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Leadbeater’s Possum more prevalent than thought – full audit of all parks urgently needed

Building on the detection of more than 1000 colonies of Leadbeater’s Possums in native forest harvest areas, the discovery of Leadbeater’s Possums in the Yarra Ranges Forest suggests that the critically endangered species is more prevalent than previously thought.

“The Victorian Forest Products Association (VFPA) calls on the Victorian Government to undertake a cross tenure survey of all parks – not just forest harvest areas – to fully understand the distribution and population abundance of this iconic species,” said Deb Kerr, CEO of VFPA.

The Victorian Government undertakes surveys of forest coupes to be harvested, but this is just 0.034% of the public land estate. Surveys by VicForests following harvest shows that Leadbeater’s Possums are found in these harvested areas as little as five years after harvest.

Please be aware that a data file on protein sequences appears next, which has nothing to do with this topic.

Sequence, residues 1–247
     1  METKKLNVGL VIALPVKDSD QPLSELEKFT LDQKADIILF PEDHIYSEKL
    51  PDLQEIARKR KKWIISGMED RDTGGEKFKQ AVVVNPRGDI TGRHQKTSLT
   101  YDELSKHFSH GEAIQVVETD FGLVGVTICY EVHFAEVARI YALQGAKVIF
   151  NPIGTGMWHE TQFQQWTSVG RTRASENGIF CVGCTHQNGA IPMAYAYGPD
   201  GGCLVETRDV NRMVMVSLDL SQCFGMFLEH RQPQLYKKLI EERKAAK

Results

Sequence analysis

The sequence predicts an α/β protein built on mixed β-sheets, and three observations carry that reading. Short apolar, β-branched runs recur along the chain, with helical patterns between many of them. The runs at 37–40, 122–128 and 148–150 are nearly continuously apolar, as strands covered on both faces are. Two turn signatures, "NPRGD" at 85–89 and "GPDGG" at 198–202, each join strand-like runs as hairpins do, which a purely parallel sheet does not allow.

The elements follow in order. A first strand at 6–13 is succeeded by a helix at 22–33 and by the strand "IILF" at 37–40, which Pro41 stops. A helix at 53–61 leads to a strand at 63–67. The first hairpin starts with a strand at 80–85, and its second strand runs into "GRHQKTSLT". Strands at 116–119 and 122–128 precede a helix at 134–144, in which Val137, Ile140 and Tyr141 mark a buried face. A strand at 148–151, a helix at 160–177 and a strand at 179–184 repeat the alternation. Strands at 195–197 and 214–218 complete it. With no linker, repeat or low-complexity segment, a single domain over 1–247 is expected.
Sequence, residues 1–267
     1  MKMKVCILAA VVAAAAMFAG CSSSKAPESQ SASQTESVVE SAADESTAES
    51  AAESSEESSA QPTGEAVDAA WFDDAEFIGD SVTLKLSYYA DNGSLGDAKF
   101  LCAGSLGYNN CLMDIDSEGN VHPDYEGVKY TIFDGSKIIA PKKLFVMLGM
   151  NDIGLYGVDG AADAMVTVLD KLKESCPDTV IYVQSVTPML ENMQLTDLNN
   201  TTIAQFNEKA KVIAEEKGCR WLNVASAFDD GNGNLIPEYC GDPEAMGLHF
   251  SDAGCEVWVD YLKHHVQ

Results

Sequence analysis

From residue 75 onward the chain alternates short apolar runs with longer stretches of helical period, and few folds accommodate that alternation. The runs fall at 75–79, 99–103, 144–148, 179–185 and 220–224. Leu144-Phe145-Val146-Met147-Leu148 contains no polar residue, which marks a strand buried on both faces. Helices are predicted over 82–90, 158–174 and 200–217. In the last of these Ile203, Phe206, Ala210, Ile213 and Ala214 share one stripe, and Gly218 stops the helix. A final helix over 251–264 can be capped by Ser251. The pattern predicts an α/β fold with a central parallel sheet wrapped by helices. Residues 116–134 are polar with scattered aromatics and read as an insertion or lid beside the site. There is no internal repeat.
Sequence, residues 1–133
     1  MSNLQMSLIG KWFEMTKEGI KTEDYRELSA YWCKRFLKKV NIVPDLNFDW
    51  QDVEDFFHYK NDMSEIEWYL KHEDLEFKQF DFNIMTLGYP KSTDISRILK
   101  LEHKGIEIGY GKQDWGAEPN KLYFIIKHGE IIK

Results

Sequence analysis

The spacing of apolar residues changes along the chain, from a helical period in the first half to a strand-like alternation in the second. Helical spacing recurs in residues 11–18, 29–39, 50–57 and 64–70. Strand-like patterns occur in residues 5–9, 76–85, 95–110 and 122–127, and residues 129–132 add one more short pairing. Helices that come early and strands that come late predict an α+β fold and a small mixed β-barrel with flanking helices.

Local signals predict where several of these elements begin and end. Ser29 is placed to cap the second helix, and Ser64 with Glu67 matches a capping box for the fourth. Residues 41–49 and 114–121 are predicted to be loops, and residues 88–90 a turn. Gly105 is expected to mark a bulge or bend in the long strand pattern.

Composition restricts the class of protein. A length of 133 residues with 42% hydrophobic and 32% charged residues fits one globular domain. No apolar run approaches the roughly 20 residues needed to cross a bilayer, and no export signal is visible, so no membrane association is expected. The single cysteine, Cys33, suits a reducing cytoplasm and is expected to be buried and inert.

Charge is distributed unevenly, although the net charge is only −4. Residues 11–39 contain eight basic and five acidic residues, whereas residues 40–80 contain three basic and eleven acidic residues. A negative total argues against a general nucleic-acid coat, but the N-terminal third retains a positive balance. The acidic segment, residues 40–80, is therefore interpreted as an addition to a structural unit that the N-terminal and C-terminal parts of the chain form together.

While Leadbeater’s Possums nest in hollows of older trees, their feeding habitat is the harvested area with a mix of acacia understorey. The Victorian Government’s decision to phase out native timber harvesting will put at risk this iconic species as its feeding habitat declines with the decline in active forest management through harvest activities.

“However, the full distribution and abundance of this species are largely unknown, which this new detection proves. It is time the Government undertook a cross tenure survey to fully map the species prevalence,” concluded Ms Kerr.

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